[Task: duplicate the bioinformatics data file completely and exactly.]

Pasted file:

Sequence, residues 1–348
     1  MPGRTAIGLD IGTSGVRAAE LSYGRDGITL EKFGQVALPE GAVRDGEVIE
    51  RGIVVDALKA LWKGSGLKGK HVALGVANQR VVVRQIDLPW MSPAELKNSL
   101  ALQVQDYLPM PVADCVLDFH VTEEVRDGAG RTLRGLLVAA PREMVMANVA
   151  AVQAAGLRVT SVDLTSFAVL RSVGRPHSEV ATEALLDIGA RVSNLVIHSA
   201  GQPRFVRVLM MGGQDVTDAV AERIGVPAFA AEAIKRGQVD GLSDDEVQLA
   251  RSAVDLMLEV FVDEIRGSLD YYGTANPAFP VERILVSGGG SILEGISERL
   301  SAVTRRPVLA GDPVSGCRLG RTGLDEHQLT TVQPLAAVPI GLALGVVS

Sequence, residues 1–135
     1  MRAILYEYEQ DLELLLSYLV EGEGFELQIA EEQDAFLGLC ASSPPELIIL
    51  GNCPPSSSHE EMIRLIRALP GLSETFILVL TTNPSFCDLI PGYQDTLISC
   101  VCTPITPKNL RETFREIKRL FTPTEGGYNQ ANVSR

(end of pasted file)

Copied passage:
Sequence, residues 1–348
     1  MPGRTAIGLD IGTSGVRAAE LSYGRDGITL EKFGQVALPE GAVRDGEVIE
    51  RGIVVDALKA LWKGSGLKGK HVALGVANQR VVVRQIDLPW MSPAELKNSL
   101  ALQVQDYLPM PVADCVLDFH VTEEVRDGAG RTLRGLLVAA PREMVMANVA
   151  AVQAAGLRVT SVDLTSFAVL RSVGRPHSEV ATEALLDIGA RVSNLVIHSA
   201  GQPRFVRVLM MGGQDVTDAV AERIGVPAFA AEAIKRGQVD GLSDDEVQLA
   251  RSAVDLMLEV FVDEIRGSLD YYGTANPAFP VERILVSGGG SILEGISERL
   301  SAVTRRPVLA GDPVSGCRLG RTGLDEHQLT TVQPLAAVPI GLALGVVS

Sequence, residues 1–135
     1  MRAILYEYEQ DLELLLSYLV EGEGFELQIA EEQDAFLGLC ASSPPELIIL
    51  GNCPPSSSHE EMIRLIRALP GLSETFILVL TTNPSFCDLI PGYQDTLISC
   101  VCTPITPKNL RETFREIKRL FTPTEGGYNQ ANVSR